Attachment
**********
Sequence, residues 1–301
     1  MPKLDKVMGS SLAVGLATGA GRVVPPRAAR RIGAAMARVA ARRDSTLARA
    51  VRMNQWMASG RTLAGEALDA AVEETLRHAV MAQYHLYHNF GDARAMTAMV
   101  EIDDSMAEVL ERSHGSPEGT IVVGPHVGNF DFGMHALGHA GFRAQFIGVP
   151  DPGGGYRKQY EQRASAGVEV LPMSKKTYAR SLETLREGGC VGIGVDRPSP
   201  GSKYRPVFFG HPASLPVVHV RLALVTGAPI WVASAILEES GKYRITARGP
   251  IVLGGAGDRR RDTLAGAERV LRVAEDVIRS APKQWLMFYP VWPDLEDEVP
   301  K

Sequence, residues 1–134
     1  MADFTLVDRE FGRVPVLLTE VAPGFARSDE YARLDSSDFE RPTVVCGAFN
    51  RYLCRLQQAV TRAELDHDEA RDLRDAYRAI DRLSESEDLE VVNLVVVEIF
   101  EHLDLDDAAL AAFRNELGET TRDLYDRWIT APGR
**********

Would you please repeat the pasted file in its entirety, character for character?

Sequence, residues 1–301
     1  MPKLDKVMGS SLAVGLATGA GRVVPPRAAR RIGAAMARVA ARRDSTLARA
    51  VRMNQWMASG RTLAGEALDA AVEETLRHAV MAQYHLYHNF GDARAMTAMV
   101  EIDDSMAEVL ERSHGSPEGT IVVGPHVGNF DFGMHALGHA GFRAQFIGVP
   151  DPGGGYRKQY EQRASAGVEV LPMSKKTYAR SLETLREGGC VGIGVDRPSP
   201  GSKYRPVFFG HPASLPVVHV RLALVTGAPI WVASAILEES GKYRITARGP
   251  IVLGGAGDRR RDTLAGAERV LRVAEDVIRS APKQWLMFYP VWPDLEDEVP
   301  K

Sequence, residues 1–134
     1  MADFTLVDRE FGRVPVLLTE VAPGFARSDE YARLDSSDFE RPTVVCGAFN
    51  RYLCRLQQAV TRAELDHDEA RDLRDAYRAI DRLSESEDLE VVNLVVVEIF
   101  EHLDLDDAAL AAFRNELGET TRDLYDRWIT APGR